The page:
First, i am using Ubuntu 14.04 (i think…). I use Ubuntu in house for a few things:
- its running Tiernan’s Comms Closet, GeekPhotographer and Tiernan’s Podcast all in house, aswell as being used to build this site. The Web Server and MySQL Server are seperated, MySQL running on Windows, web on Ubuntu… but thats a different story…
- I have a couple of proxy servers running Ubuntu also
- Other general servers running Ubuntu… dont ask, cause i cant remember what they do half the time…
So, Duplicity is a backup application. From their website:
What is it?
Duplicity backs directories by producing encrypted tar-format volumes and uploading them to a remote or local file server. Because duplicity uses librsync, the incremental archives are space efficient and only record the parts of files that have changed since the last backup. Because duplicity uses GnuPG to encrypt and/or sign these archives, they will be safe from spying and/or modification by the server.
The duplicity package also includes the rdiffdir utility. Rdiffdir is an extension of librsync’s rdiff to directories—it can be used to produce signatures and deltas of directories as well as regular files. These signatures and deltas are in GNU tar format.
So, how do we get it working? Well, givin that i am on Ubuntu, these are the steps i needed to do:
- first, we need some credentials and API keys… If you havent signed up for HubiC Do so now… That url gets you an extra 5Gb if you sign up for free (usually 25Gb) or if you pay 1EUR a month, you get 110Gb (usually 100Gb) and 5EUR a month gets you a staggering 10TB (yup! Terabytes!).
- Login to Hubic, and in the menu go to ‘My Account’, ‘Developers’. in here, create a new application (name and URL to redirect to… http://localhost seems to work correctly). Get the Client ID and Secret ID that was given to you.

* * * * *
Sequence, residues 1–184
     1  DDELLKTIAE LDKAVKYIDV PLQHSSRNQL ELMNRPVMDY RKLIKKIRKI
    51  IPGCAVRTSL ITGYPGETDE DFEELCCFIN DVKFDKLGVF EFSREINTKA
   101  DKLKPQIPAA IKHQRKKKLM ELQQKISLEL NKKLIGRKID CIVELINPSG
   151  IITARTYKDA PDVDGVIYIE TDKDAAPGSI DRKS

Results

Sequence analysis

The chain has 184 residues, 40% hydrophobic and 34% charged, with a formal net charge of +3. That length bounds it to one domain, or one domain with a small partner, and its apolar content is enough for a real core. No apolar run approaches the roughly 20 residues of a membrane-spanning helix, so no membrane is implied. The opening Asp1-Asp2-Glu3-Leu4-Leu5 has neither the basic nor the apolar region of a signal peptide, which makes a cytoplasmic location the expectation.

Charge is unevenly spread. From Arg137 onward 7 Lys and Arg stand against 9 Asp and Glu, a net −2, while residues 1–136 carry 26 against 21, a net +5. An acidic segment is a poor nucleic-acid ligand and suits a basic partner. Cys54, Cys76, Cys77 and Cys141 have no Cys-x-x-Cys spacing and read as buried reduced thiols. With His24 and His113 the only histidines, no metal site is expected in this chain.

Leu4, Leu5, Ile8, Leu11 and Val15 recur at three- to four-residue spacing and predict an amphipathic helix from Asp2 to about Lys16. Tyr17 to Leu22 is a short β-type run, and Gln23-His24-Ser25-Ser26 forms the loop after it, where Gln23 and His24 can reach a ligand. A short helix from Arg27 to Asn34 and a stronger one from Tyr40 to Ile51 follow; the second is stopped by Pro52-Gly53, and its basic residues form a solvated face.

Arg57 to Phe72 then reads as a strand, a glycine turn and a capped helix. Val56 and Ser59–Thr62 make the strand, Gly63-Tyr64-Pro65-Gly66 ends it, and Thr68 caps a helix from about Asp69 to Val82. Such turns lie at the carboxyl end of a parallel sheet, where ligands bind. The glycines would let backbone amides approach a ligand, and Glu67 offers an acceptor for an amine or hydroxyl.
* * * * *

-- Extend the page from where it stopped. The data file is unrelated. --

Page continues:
- take the contents of the following gist and replace your own details… I know, i am not a fan of sticking my password in a txt file… but it should be your local machine…
- that file should be in your home directory and should be called .hubic_credentials.
- add the duplicity PPA project (https://launchpad.net/~duplicity-team/+archive/ubuntu/ppa) to ubuntu using the add-apt-repository command (details on the link above, under the link ‘read about installing’). for me, i just called ‘sudo add-apt-repository ppa:duplicity-team/ppa’
- install duplicity by doing ‘sudo apt-get install duplicity’. Dont forget (its in the tutorial above!) to do an ‘sudo apt-get update’ first!
- When i ran that, there where a few extra Python packages to be installed, so i was asked did i want to install them… Say, yes.
- Now, to run a backup we run the following command:
duplicity ~/ cf+hubic://location
- cf+hubic is the backend to use, ~/ is the url to backup (my home directory in this case) and location is where on Hubic we want it stored. If this doesent exist, not a problem… it will create it.
- after we run this we… ahhh… i get an error:
BackendException: This backend requires the pyrax library available from Rackspace.
- right… pyrax library is from Rackspace and is available to download though pip…
- I seem to have python and a few other bits installed on this machine, so running ‘sudo pip install pyrax’ works… Your millage may vary… [eg, this is out of scope for this tutorial! your on your own!]